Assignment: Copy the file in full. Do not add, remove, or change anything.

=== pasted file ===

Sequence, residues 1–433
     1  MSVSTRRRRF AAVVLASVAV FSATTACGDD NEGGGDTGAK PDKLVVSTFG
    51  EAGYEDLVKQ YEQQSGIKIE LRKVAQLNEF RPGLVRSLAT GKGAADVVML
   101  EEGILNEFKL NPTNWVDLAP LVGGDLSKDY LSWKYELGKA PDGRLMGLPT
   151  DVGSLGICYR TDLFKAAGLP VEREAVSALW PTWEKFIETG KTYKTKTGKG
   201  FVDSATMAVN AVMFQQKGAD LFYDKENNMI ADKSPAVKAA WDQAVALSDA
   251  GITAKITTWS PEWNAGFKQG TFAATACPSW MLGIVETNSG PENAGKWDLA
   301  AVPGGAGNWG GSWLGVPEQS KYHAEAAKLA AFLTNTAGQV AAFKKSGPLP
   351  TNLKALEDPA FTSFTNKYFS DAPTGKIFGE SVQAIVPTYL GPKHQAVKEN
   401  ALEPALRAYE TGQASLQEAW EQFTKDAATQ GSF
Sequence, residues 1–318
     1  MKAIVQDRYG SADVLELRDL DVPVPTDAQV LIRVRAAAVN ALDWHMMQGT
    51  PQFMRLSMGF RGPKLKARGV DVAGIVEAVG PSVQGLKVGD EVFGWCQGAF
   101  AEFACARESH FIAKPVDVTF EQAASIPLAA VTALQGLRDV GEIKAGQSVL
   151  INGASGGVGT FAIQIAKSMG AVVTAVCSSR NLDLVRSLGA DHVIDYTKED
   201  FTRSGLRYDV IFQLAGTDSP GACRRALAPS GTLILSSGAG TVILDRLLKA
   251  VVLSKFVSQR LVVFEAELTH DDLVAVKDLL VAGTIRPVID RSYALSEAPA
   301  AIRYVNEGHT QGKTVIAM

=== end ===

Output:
Sequence, residues 1–433
     1  MSVSTRRRRF AAVVLASVAV FSATTACGDD NEGGGDTGAK PDKLVVSTFG
    51  EAGYEDLVKQ YEQQSGIKIE LRKVAQLNEF RPGLVRSLAT GKGAADVVML
   101  EEGILNEFKL NPTNWVDLAP LVGGDLSKDY LSWKYELGKA PDGRLMGLPT
   151  DVGSLGICYR TDLFKAAGLP VEREAVSALW PTWEKFIETG KTYKTKTGKG
   201  FVDSATMAVN AVMFQQKGAD LFYDKENNMI ADKSPAVKAA WDQAVALSDA
   251  GITAKITTWS PEWNAGFKQG TFAATACPSW MLGIVETNSG PENAGKWDLA
   301  AVPGGAGNWG GSWLGVPEQS KYHAEAAKLA AFLTNTAGQV AAFKKSGPLP
   351  TNLKALEDPA FTSFTNKYFS DAPTGKIFGE SVQAIVPTYL GPKHQAVKEN
   401  ALEPALRAYE TGQASLQEAW EQFTKDAATQ GSF
Sequence, residues 1–318
     1  MKAIVQDRYG SADVLELRDL DVPVPTDAQV LIRVRAAAVN ALDWHMMQGT
    51  PQFMRLSMGF RGPKLKARGV DVAGIVEAVG PSVQGLKVGD EVFGWCQGAF
   101  AEFACARESH FIAKPVDVTF EQAASIPLAA VTALQGLRDV GEIKAGQSVL
   151  INGASGGVGT FAIQIAKSMG AVVTAVCSSR NLDLVRSLGA DHVIDYTKED
   201  FTRSGLRYDV IFQLAGTDSP GACRRALAPS GTLILSSGAG TVILDRLLKA
   251  VVLSKFVSQR LVVFEAELTH DDLVAVKDLL VAGTIRPVID RSYALSEAPA
   301  AIRYVNEGHT QGKTVIAM